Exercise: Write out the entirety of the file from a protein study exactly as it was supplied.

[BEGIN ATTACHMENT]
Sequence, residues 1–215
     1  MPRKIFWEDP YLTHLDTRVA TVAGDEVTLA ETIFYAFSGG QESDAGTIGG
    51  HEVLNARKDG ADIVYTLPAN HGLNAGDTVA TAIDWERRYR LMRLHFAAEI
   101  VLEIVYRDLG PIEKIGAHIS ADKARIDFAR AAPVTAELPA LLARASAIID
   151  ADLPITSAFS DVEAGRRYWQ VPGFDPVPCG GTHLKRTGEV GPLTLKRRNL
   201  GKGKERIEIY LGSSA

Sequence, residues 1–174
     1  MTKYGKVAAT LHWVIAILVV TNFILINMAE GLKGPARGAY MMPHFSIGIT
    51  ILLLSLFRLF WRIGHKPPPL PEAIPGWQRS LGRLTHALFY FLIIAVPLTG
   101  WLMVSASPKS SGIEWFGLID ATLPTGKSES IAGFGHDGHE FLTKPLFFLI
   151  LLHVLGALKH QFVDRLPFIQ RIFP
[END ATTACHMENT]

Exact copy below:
Sequence, residues 1–215
     1  MPRKIFWEDP YLTHLDTRVA TVAGDEVTLA ETIFYAFSGG QESDAGTIGG
    51  HEVLNARKDG ADIVYTLPAN HGLNAGDTVA TAIDWERRYR LMRLHFAAEI
   101  VLEIVYRDLG PIEKIGAHIS ADKARIDFAR AAPVTAELPA LLARASAIID
   151  ADLPITSAFS DVEAGRRYWQ VPGFDPVPCG GTHLKRTGEV GPLTLKRRNL
   201  GKGKERIEIY LGSSA

Sequence, residues 1–174
     1  MTKYGKVAAT LHWVIAILVV TNFILINMAE GLKGPARGAY MMPHFSIGIT
    51  ILLLSLFRLF WRIGHKPPPL PEAIPGWQRS LGRLTHALFY FLIIAVPLTG
   101  WLMVSASPKS SGIEWFGLID ATLPTGKSES IAGFGHDGHE FLTKPLFFLI
   151  LLHVLGALKH QFVDRLPFIQ RIFP